“Yes, Covid-19 masks must cover the nose.” He smiled, “You’ve all been attentive and smart. I leave you with one final comment on the nose. Inside the nose and way in back is a large amount of lymphatic tissue, which makes antibodies against viruses and bacteria. Antibodies kill the germs. In the nose it’s a form of tonsil called the adenoids. When the adenoids get swollen with infection your voice changes—like when you hold your nose and speak. There are many of these lymph nodes all around the body. They make antibodies against all germs, especially when you get a vaccine. So, boys and girls, it’s very important that everyone in our country gets the Covid19 shots.
“Our time is up, and maybe we can do this again with some other part of the body. Miss Ziglitz, thank you for this opportunity to contribute to the children’s education.”
Miss Ziglitz walked Waxman to the door. “I really liked the way the presentation went, Dr. Waxman. Many parents don’t know how important it is for children to get such support in school. Tracy is a very lucky daughter.”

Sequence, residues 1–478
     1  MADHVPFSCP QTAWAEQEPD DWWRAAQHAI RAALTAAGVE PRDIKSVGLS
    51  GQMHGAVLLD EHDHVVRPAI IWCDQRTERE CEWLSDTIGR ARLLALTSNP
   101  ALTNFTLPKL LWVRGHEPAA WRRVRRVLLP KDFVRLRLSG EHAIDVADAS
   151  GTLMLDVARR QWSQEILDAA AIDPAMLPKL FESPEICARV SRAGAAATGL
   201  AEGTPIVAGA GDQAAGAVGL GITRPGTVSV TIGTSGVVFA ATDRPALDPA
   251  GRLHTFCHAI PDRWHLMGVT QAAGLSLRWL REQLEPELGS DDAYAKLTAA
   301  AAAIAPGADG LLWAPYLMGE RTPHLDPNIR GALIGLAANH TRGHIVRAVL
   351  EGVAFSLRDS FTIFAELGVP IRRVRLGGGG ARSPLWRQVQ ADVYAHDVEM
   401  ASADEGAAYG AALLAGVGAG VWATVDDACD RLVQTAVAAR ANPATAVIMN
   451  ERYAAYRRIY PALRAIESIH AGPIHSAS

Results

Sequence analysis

At home that evening Barbara greeted him with, “Well, how did it go?”
“Tracy said I was big hit.”
“Did you enjoy it? And please tell me what a woman with a name like Poonie Ziglitz looks like.”
Waxman maintained a staid face. “It was a fun thing. As for Miss Ziglitz, she was actually a stooped older woman, with a cane, very smart, gray hair, and wrinkles around her mask.”
“Tracy took a picture of you two with her cell phone when you first came into her classroom,” Barbara smiled. “An old lady, huh, I suppose you’re going to give another anatomy/physiology class before the year is up.”
“Maybe, I mean, with your approval.” Waxman walked quietly to the computer room.
Peter Glassman is a retired physician living in Texas, who devotes his time to writing novels and memoir-based fiction. He is the author of 14 novels including the medical thrillers Cotter; The Helios RainWho Will Weep for Me. Some of his short stories were written for presentation at the San Antonio Writers Group Meetup. You can read more about him and his books here.